Other Sentelle clerks have gone on to serve as executive branch officials. Kristen Silverberg (1998–1999) served as the ambassador to the E.U. Maureen Ohlhausen (1994–1995) served as a member and acting chair of the Federal Trade Commission.
While on the D.C. Circuit, Sentelle was part of two three-judge panels that overturned the convictions of Oliver North and John Poindexter. On the North panel, Sentelle and Judge Laurence Silberman voted to overturn North's conviction while Chief Judge Patricia Wald dissented. On the Poindexter panel, Sentelle and Judge Douglas H. Ginsburg voted to overturn the conviction with Judge Abner J. Mikva dissenting.
In Cobell v. Norton, 240 F.3d 1081 (D.C. Cir. 2001), Sentelle (joined by Judges Stephen Williams and Judith Rogers) largely affirmed the District Court's finding that the federal government had mismanaged Indian trust funds. The government ultimately settled the case—one of the largest class actions in history—in 2009.
In 2007, in Boumediene v. Bush, 375 U.S. App. D.C. 48, Sentelle concurred with Judge Arthur Raymond Randolph, relying on Johnson v. Eisentrager to uphold the Military Commissions Act of 2006's suspension of habeas corpus for enemy combatants as constitutional. Judge Rogers dissented. That decision was reversed by the U.S. Supreme Court.
In 2004, New York Times reporter Judith Miller refused to comply with a grand jury subpoena seeking documents and testimony about her conversations with a confidential source. Because of her noncompliance, the District Court held Miller in civil contempt and she spent 85 days in jail. In In re Grand Jury Subpoena, Judith Miller, 397 F.3d 964 (D.C. Cir. 2005), Sentelle (joined by Judges Karen Henderson and David Tatel) affirmed Miller's conviction, though the three judges disagreed about the existence and scope of a reporter's common-law privilege to resist grand jury subpoenas.
In National Labor Relations Board v. Noel Canning, Sentelle (with Judges Henderson and Thomas Griffith) held that President Obama's extensive use of recess appointments violated the Constitution, clarifying the President's limited Article II authority to fill judicial and executive appointments during inter-session recesses. The Supreme Court unanimously affirmed, though a majority of justices declined to adopt Sentelle's precise constitutional rationale.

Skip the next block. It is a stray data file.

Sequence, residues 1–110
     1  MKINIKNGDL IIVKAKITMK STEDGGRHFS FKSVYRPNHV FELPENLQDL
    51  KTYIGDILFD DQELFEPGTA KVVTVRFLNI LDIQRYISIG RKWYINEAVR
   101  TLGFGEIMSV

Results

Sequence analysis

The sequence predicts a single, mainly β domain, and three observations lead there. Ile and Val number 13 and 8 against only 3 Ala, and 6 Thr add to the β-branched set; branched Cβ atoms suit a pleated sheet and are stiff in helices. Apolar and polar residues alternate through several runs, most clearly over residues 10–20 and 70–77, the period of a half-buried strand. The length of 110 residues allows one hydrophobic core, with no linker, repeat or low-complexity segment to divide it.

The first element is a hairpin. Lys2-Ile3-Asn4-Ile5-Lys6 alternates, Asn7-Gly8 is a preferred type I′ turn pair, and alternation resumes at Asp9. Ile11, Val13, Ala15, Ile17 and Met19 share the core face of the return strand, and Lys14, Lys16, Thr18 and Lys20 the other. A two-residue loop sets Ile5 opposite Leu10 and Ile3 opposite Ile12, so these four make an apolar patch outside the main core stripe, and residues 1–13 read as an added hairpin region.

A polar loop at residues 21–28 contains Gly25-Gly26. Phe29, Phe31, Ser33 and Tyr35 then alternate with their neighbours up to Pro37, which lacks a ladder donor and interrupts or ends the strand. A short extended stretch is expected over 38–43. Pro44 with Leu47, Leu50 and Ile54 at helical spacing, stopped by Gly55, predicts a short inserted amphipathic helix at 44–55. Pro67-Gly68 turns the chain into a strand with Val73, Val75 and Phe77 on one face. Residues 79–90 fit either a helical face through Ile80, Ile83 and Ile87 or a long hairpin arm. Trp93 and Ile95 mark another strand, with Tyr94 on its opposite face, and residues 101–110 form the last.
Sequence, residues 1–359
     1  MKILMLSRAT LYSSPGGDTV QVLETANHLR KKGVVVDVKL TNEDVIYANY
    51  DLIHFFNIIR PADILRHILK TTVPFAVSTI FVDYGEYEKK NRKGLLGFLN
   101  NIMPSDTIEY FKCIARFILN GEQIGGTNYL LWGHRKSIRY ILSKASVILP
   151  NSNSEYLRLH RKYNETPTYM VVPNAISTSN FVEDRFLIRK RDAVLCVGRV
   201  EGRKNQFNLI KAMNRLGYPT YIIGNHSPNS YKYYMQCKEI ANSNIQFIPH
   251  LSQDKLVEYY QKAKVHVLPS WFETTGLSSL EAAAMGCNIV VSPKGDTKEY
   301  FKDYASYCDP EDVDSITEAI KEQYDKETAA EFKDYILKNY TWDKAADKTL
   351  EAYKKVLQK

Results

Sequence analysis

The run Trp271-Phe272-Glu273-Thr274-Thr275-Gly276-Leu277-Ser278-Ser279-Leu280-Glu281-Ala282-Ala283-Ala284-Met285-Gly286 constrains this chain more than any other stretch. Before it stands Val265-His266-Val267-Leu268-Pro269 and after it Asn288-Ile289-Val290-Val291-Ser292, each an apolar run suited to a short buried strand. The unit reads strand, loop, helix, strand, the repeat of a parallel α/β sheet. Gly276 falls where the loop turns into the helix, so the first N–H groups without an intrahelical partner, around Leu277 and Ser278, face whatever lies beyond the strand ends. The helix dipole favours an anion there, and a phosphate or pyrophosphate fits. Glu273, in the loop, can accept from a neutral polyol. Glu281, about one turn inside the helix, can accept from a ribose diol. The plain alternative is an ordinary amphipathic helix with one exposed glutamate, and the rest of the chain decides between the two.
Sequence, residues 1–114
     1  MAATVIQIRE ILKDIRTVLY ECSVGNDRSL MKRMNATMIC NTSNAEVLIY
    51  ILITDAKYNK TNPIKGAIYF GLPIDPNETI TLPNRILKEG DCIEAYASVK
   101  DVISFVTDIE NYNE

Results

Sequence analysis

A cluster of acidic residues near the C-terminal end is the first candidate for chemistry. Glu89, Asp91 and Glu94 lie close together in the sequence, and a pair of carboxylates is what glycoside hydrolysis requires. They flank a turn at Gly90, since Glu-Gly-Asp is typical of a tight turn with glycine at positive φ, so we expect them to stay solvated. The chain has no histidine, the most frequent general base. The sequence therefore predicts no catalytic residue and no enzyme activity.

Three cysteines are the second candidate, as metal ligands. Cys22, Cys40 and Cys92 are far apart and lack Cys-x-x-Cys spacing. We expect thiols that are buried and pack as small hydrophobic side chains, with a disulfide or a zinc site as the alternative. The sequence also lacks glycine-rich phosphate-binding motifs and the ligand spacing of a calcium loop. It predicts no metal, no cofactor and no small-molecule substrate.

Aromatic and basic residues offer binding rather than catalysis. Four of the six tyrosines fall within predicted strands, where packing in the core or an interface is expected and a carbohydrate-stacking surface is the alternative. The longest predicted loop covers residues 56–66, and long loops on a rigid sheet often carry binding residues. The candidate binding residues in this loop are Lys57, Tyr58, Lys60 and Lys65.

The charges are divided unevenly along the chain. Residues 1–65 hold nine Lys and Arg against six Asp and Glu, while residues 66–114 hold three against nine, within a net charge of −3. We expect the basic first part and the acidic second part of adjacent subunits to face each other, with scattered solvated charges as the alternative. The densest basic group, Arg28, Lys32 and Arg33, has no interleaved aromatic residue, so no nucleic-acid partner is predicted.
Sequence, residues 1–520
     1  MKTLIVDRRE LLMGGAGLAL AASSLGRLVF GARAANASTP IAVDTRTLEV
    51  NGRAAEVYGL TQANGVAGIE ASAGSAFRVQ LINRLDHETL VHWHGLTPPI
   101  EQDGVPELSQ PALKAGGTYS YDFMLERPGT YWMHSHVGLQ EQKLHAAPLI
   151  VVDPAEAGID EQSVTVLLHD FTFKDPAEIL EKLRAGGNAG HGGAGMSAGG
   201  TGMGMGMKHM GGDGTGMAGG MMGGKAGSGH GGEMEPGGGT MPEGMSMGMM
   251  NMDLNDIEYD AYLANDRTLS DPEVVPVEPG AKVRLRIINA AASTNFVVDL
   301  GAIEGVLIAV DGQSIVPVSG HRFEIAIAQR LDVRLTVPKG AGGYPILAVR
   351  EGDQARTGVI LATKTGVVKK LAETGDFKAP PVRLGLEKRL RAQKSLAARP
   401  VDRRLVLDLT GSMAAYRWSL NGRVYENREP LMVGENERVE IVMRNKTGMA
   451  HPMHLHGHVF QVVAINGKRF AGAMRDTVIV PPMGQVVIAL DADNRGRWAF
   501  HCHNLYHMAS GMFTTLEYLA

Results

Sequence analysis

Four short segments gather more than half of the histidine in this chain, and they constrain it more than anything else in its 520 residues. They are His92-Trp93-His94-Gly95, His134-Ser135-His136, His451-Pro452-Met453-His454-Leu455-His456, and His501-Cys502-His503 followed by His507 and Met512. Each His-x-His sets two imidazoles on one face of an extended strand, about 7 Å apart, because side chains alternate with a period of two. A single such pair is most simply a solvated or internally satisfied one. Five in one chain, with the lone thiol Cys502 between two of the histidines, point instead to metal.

Sentelle served as a delegate to the 1984 Republican National Convention. He previously published several works of crime fiction under the pseudonym Clyde Haywood.
Sentelle is a Freemason. He is a recipient of the Joseph Montfort Medal from the Grand Lodge of North Carolina.
- Sentelle, David B. (2002). Judge Dave and the Rainbow People. Green Bag Press, Washington D.C. ISBN 0-9677568-3-9
- ^ "The Honorable David Sentelle". American Inns of Court. 2008. Retrieved 2020-04-24.
- ^ a b c d e "Sentelle, David Bryan". fjc.gov. Federal Judicial Center.
- ^ "David B. Sentelle". United States Court of Appeals District of Columbia Circuit.
- ^ a b "David Sentelle". Ballotpedia.
- ^ "D.C. Circuit Chief Judge Sentelle to Take Senior Status". The BLT: The Blog of Legal Times.
- ^ "Current Membership - Foreign Intelligence Surveillance Court of Review". United States Foreign Intelligence Surveillance Court.
- ^ Lardner Jr., George (July 21, 1990). "NORTH'S IRAN-CONTRA CONVICTIONS SET ASIDE BY SPLIT APPEALS COURT". The Washington Post.
- ^ Johnston, David (1991-11-16). "Poindexter Wins Iran-Contra Case in Appeals Court". The New York Times. ISSN 0362-4331.
- ^ "Cobell v. Norton, 240 F.3d 1081 | Casetext Search + Citator".
- ^ "In re Grand Jury Subpoena, Judith Miller, 438 F.3d 1141 | Casetext Search + Citator".
- ^ https://www.cadc.uscourts.gov/internet/opinions.nsf/D13E4C2A7B33B57A85257AFE00556B29/$file/12-1115-1417096.pdf[bare URL PDF]
- ^ https://www.supremecourt.gov/opinions/13pdf/12-1281_mc8p.pdf[bare URL PDF]
- ^ "The Scottish Rite Journal". 2014-03-30. Archived from the original on 2014-03-30. Retrieved 2023-03-17.
- David Bryan Sentelle at the Biographical Directory of Federal Judges, a public domain publication of the Federal Judicial Center.
- Judge Sentelle's Complete Oral History: https://dcchs.org/sb_pdf/complete-oral-history-sentelle/
- Transcript of Judge Sentelle's D.C. Circuit Portrait Presentation Ceremony: https://dcchs.org/wp-content/uploads/2019/02/Judge-Sentelle-Portrait-Transcript.pdf
- David B. Sentelle at the Biographical Directory of Federal Judges, a public domain publication of the Federal Judicial Center.
- Appearances on C-SPAN
- 1943 births
- Living people
- 20th-century American judges
- American Freemasons
- Assistant United States Attorneys
- Judges of the United States Court of Appeals for the D.C. Circuit
- Judges of the United States District Court for the Western District of North Carolina
- Judges of the United States Foreign Intelligence Surveillance Court of Review
- North Carolina state court judges
- People from Canton, North Carolina
- United States court of appeals judges appointed by Ronald Reagan
- United States district court judges appointed by Ronald Reagan
- University of North Carolina at Chapel Hill faculty
- University of North Carolina at Charlotte faculty
- University of North Carolina School of Law alumni